20. Colleen, you’re a rock star.


  21. This is J.A.Q. (just a quickie), as I have family in town. It’s been a very busy two weeks with different groups of guests coming in to town. My 92 year old grandfather died on Thursday, and I am sad about that. However, my husband and I hope to bring out daughter out to visit my one remaining living grandmother sometime soon. I’ve been pretty lucky to have had three sets of grandparents, but that also means more beloved people to have to say goodbye to.


  22. Stop! Hammer time!

    I was going to type that anyhow based on your “hammered on Courvoisier” comment, but your daughter’s photo clinched it for me.


  23. Love the art this week (as usual). The Escher-like quality also reminded me of the movie Labyrinth when David Bowie is being his wicked self and running all over the stairs with the baby.

    Everyone has awesome kicks – jules, your daughter looks simply FIERCE getting her groove on. Great pic.

    Fox kits, clotted cream, rehearsals & offers, student poems, great presentations, being inspired, piano & guitar lessons, accepted proposals, pooch recovering, and successful TBD – wow!

    My quick kicks:
    1. First long run of spring
    2. Acupuncture
    3. Migas/brunch/good friend
    4. Lots of long-distance conversations
    5. Re-activating library card for old/new county
    6. Getting an email from a big-hearted friend with a touching memorial to his dog who just died (who we knew very well). My friends have such huge hearts.
    7. Caloi (other dog) surviving emergency health crisis, and getting to help her feel better and recover.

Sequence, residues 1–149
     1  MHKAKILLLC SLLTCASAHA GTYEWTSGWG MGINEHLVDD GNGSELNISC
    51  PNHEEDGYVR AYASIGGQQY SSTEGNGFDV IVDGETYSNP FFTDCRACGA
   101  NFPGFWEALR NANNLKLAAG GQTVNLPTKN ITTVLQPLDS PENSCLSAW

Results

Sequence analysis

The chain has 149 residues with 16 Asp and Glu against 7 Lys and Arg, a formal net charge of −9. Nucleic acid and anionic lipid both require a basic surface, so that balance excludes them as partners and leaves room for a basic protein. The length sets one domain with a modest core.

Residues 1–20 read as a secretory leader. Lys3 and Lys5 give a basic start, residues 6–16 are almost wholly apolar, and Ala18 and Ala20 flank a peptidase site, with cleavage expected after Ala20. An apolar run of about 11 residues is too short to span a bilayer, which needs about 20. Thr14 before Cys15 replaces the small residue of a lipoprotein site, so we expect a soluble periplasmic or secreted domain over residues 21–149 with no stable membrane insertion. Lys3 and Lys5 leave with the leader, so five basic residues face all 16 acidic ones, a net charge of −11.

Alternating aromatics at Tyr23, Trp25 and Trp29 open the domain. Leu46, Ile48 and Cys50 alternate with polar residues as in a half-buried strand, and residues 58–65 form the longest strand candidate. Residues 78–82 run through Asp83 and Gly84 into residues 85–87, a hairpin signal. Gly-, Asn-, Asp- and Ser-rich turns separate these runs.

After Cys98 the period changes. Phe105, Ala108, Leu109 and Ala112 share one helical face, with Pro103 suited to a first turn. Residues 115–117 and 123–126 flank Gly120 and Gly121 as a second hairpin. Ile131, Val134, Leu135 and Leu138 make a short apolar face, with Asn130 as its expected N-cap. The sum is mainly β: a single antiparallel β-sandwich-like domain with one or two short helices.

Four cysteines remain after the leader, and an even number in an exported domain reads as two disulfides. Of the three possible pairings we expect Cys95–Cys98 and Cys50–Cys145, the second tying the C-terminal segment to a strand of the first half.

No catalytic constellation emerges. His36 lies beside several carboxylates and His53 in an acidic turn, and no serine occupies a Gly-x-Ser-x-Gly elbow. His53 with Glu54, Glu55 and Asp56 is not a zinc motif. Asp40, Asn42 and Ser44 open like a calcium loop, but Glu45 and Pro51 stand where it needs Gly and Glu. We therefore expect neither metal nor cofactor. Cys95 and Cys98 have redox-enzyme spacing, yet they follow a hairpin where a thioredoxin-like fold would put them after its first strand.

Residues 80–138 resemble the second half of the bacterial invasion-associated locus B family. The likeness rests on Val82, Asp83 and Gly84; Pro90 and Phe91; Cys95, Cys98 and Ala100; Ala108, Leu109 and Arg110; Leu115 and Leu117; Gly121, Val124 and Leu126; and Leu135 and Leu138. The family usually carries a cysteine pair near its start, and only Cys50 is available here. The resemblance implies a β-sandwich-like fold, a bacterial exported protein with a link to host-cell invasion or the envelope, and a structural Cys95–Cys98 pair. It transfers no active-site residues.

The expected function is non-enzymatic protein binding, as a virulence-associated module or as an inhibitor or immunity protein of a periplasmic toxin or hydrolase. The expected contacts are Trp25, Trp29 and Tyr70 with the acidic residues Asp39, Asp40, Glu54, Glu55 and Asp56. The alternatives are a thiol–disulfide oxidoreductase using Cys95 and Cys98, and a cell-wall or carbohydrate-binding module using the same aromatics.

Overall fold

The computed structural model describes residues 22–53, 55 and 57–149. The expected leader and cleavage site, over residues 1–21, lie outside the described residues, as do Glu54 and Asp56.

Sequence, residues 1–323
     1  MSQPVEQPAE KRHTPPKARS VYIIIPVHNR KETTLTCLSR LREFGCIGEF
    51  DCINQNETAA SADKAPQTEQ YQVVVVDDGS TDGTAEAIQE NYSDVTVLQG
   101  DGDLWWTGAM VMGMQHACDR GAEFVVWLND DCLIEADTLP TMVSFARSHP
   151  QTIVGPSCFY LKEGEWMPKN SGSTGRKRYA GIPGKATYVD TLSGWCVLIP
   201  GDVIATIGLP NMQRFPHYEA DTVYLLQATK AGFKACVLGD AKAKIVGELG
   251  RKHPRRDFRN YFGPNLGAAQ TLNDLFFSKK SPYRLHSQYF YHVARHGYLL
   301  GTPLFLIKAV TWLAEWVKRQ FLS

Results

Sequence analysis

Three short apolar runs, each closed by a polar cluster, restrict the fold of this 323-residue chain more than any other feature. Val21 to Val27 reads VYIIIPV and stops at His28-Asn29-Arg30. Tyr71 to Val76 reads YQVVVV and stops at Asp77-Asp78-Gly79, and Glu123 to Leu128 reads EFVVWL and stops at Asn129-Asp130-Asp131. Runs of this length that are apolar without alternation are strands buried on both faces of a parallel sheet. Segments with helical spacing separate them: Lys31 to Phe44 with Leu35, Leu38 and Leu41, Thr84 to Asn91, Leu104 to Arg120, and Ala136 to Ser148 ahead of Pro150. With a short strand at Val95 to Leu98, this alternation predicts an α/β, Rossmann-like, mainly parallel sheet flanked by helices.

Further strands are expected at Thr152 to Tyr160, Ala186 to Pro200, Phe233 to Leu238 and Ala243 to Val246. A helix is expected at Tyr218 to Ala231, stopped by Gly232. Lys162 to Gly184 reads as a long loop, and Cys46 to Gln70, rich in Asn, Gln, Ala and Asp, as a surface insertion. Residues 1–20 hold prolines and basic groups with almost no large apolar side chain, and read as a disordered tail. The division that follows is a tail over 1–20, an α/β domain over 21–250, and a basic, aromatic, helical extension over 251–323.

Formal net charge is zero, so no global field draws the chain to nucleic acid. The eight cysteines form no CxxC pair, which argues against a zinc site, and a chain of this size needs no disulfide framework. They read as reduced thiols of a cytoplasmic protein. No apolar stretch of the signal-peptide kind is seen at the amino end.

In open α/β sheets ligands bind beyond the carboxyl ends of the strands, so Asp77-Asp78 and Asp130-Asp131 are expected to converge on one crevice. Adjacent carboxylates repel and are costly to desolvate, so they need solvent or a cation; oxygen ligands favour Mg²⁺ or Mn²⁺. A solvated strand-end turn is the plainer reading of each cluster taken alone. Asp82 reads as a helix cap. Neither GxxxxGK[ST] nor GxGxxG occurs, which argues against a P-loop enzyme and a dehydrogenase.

Have a great week!


  24. Farida, again, sorry about your grandfather.

    Kelly, HA!

    Rachel, here’s to a quick recovery to Caloi. And aren’t library cards the best? I was so excited to get my daughter’s first one.


  25. These are great kicks, with a stellar feature on the intriguing D.B. Johnson. And when sassy dancing is involved…well, even better!

    My kicks:
    1. Finally getting my hands on a copy of Chris Raschka and Vladimir Radunsky’s “Hip Hop Dog.” This duo always blows me away.

    2. Watching favorite Sesame Street clips online and feeling so nostalgic I just HAD to make a peanut butter and jelly sandwich and cut off the crusts, first grade-style.

    3. Reading endlessly about Lewis Carroll and nonsense literature and having it deemed official research.

    4. Driving past a glittering fairground in the dark, thinking of cotton candy and hard-won goldfish.

    5. Looking forward to my best friend’s impending nuptials to a man who makes her swoon.

    6. Tempering the difficulty of job-hunting and graduate school completion with cheese. LOTS of cheese.

    7. Reading Lynn Barber’s “An Education,” which is sometimes startling but mostly charming. A life spent asking questions of interesting people and writing about them…does it get any better?


  26. Julie, I like your kicks. Especially tempering stress with cheese. And Lewis Carroll research. And oh how I want to see Hip Hop Dog.


  27. Farida: I am so sorry for your loss.

    Rachel: My heart goes out to your friend and his family.


  28. Hi, i read your blog from time to time and i own a similar one and i was just curious if you get a lot of spam responses? If so how do you prevent it, any plugin or anything you can advise? I get so much lately it’s driving me crazy so any help is very much appreciated.